So many benefits agencies are wrestling with a common question about the software platforms they need for their agency. What should they be tracking and what software should they use to track it?
I have this conversation repeatedly, and decided it was time to share with everyone else. And your choice - you can either watch the video or read the article to get the same message.
If you want to talk about this, please send me a message on LinkedIn!
Prefer to read this at your own pace? Continue below. 👇
CRM or AMS for Your Insurance Agency?
Let's talk about agency software platforms. The question we get all the time is “What do I need?”
The platforms that tend to be in question are for client management and for marketing and sales tracking. A term you probably hear quite a bit is AMS or Agency Management System, and this is used for tracking current clients, policies, and commissions. Another term you probably hear quite a bit is CRM, which is Customer Relationship Management.
In this industry, we tend to use CRM primarily to refer to sales and marketing activity.
So, AMS for current clients, policies, commissions, and CRM for sales and marketing - putting people into the pipeline and working them through to becoming clients.
For this conversation, we're going to assume that you have an AMS, and we're going to focus on the sales and marketing portion of it.
Do you need both AMS and CRM?
So, the next question then becomes “Well, do I need both systems (AMS and CRM)?” The answer is, “Probably, but it depends on your circumstances.” If you're not really doing a lot of prospecting or if you're a single producer agency, then using your AMS to track your prospecting might do just fine.
You can track the companies and the individuals within those companies and track them through the buying process. You can add probably a few additional properties to your system and pull some basic reports.
If you're really serious about the pipeline, or if you have a number of producers on your team, then yeah, you probably do need to have a CRM to allow insight into the pipeline and integrate your marketing activities into that tracking and reporting.
For pipeline filling, marketing must be a consistently present set of activities. It's there to pique the interest of the buyers and to be available when people go look you up. The producers go out and they stir up their activity with the prospecting, and those buyers go out and they look you up.
Marketing alone is not going to fill the pipeline for you, at least not initially. Prospecting alone is going to be a slow road to filling the pipeline because people want social proof, and you are demonstrating your social proof through your marketing activity.
We really need to have those two things together, and that social proof comes in a number of different ways.
It's reviews that people leave for you, but it's also about the information that you share, what people say about you and that information, how you interact back with them. What do those back-and-forth interactions look like? Then you can get really specific and share case studies, whether it's in written form, or video form, providing a really strong testimonial.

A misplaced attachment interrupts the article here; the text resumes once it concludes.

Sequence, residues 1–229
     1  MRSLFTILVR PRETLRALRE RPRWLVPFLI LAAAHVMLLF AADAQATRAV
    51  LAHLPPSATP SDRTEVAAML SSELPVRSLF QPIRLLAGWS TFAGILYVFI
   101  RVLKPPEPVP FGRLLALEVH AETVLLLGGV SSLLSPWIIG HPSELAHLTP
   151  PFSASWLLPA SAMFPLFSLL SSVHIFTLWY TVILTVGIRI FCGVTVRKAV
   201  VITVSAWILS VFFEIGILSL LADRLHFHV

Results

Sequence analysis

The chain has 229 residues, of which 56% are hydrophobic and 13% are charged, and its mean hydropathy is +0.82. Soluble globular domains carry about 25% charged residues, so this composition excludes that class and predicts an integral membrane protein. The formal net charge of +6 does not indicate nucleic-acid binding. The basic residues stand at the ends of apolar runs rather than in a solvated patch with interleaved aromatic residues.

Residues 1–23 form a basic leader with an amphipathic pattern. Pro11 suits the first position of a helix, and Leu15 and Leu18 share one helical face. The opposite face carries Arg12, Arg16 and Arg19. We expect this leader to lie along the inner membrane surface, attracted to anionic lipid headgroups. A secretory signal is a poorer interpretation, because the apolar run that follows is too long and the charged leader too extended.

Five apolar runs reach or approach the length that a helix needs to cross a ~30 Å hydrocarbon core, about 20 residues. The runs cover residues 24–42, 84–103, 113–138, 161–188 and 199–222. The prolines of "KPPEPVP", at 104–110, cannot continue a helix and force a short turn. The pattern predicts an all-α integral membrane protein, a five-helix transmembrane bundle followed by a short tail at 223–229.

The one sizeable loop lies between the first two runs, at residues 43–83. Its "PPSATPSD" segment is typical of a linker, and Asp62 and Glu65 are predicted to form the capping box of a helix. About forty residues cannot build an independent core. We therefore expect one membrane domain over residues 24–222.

But all of the social proof comes from a combination of your marketing activities. Some of it comes from social media. Some of it comes from your website.
And if you have a complete prospecting and marketing platform, then you can promote and track all of this activity in a single location, and it really gives your producers a huge advantage to be able to see not only the notes they've left from conversations that they've had, but they can also get the advantage of seeing all the interaction those buyers are having with your marketing activities as well.
Choice of CRM platform
So, this is where your choice of platforms comes in. Do you need to track prospecting only, or do you need to have a platform that will combine both the sales and the marketing and then consolidate and track all your efforts into that single location?
These are the questions to ask yourself, but the bottom line is if you're ready to up your game and get serious about your prospecting and marketing efforts then, yeah, you are probably ready to get serious about a separate system to help you manage those activities.
There are a great number of platforms out there that can meet your needs exceptionally well. So you need to make the choice, make the financial commitment to it, and most importantly, make the time commitment and the accountability commitment and investment that is going to take to follow through with this and make it really stick within the organization.
Connecting the systems
The last question we get is:
“Okay. we're talking about AMS and CRM. How do these two systems connect?”
And right now, there are not a lot of connections between AMS and CRM systems in this industry.
But the question that I always come back and ask is, “Does it really matter?”
If your producers are only tracking basic contact information through that CRM, then is it really a heavy lift to enter that information into the AMS? Now if you are entering a lot of information and you're getting really in-depth with it, or if you want to use your new CRM system to do all of your communications for your clients and your prospects, then yeah, it might be a situation where it's really important to have those two systems talk to each other.
The problem is that your options are really pretty limited at this time in terms of what systems are available that offer that kind of connection, but I continue to hold out hope that the industry is going to recognize this need and open up compatibility for agencies.
But regardless of what you choose, the best system for your insurance agency is the one that you will use: AMS or CRM. Join our Marketing Fundamentals course to get the most out of whatever you choose.
Content provided by Q4intelligence and partners